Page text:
• Relevant for the protection of a positional trademark are not only the position of the trademark or the other trademark elements, but rather the combination of the position and other trademark elements. It is therefore important that both, the additional trademark elements and the position of the trademark are distinctive. The position may only support the overall distinctiveness if it presents in the assessment of the relevant public a sufficiently characteristic element of the product. It must, in other words, be strong enough to place the entire positional trademark into a different context. This context must be so different from the common position of trademarks with respect to the specific product that it cannot be understood by the relevant public in any other way than as a distinctive sign that refers to the origin of the product.
  • The red color is not inherently distinctive for women shoes. The contour of a women shoe is also not inherently distinctive for women shoes. Shapes or contours that constitute the nature of the goods themselves are generally descriptive (see art. 2 lit. b of the Swiss Trademark Act).
  • As a consequence, the positional trademark does not consist of a characteristic form or a remarkable design, but is rather restricted to a red color for a functionally indispensable and in terms of space significant part of the relevant products, i.e. women shoes with high heels.
  • The fact that the red color is uncommon compared to other women shoes with black, brown or beige colored shoe soles does not result in an inherent distinctiveness of the trademark in an overall assessment. It is undisputed that red colors are often used in the fashion industry as decorative element. In addition, the evidence provided by the Swiss Federal Administrative Court demonstrated that there are women shoes with high heels and green, yellow, blue, purple or pink shoe soles. The colored shoe sole will therefore rather be understood as aesthetic element of the shoe and not as a trademark.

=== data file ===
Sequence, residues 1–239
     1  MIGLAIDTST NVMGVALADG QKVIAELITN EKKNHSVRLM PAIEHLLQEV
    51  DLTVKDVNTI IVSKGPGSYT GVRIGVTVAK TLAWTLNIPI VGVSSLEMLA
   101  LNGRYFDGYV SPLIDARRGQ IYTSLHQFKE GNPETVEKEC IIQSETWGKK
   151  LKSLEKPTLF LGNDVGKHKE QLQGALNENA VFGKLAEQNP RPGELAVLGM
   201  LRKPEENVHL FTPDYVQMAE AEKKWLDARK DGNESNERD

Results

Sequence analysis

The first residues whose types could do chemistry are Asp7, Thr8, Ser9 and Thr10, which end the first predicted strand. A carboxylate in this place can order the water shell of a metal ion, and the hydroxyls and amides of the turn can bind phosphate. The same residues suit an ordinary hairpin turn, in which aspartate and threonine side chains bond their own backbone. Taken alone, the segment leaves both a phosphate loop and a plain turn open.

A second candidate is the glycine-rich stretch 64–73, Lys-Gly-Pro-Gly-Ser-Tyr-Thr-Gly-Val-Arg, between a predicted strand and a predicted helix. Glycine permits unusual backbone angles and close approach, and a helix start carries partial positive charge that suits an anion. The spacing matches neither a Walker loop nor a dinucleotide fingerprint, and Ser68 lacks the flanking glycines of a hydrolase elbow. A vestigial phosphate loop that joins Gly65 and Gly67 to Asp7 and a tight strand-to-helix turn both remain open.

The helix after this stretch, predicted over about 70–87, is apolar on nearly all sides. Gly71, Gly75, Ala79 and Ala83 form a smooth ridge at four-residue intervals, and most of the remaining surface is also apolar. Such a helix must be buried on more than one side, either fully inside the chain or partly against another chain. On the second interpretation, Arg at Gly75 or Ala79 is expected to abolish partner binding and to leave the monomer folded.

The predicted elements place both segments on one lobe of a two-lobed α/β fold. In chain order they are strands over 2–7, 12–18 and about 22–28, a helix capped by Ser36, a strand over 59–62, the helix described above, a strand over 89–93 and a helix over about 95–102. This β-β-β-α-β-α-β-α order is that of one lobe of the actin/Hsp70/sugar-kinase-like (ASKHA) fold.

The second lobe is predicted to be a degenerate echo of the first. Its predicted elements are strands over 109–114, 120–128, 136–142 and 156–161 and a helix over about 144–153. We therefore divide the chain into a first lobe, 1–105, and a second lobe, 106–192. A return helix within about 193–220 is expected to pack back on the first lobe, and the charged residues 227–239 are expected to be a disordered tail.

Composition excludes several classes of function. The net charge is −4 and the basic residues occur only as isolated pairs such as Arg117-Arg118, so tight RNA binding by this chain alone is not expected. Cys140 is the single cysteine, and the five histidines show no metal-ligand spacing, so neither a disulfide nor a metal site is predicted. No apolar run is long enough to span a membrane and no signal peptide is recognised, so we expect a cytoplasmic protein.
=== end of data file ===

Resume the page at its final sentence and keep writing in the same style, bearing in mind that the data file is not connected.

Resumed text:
The Swiss decision demonstrates that an international trademark registration does not render the national trademark laws and practices redundant.  Even though the positional trademark of Christian Louboutin was accepted by the trademark offices in other countries as sufficiently distinctive, the Swiss courts came to another conclusion. The Swiss Federal Court explicitly mentioned that Swiss courts are not bound by trademark decisions of foreign courts or authorities. Each country assesses the trademark protection of an international trademark registration based on its own statutes and case law.

It is important to mention that both, the Swiss Federal Administrative Court and the Swiss Federal Court, did not assess on whether the positional trademark acquired distinctiveness by use. Louboutin did not anymore ask for trademark protection based on acquired distinctiveness by use in the appellation proceedings. Louboutin shoes are very renowned, in particular because of the red colored shoe soles. Louboutin shoes were featured and promoted in Hollywood movies and TV series. However, Swiss law sets a rather high standard with respect to proving the acquisition of distinctiveness by use.

It should be mentioned with that respect that US courts already had to assess the trademark protection of a Louboutin trademark. The Court of Appeals of the Second Circuit came in its decision of 5 September 2012 to the conclusion that the red color of the Louboutin shoes is not inherently distinctive (United States Court of Appeals, Second Circuit, docket number 11-3303-cv, 5 September 2012). It, however, decided that the sign acquired distinctiveness by use (in US trademark law terms “secondary meaning”) in situations in which the red lacquered outsole contrasts in color with the adjoining “upper” of the shoe. It ordered the US Patent and Trademark Office to limit the trademark protection to such situations.

Currently, a case between Christian Louboutin and the shoe retailer Deichmann is pending with the European Court of Justice (Case Nr. C-163/16). A Dutch court asked the European Court of Justice to assess on whether the Louboutin red color trademark can be protected under EU trademark laws.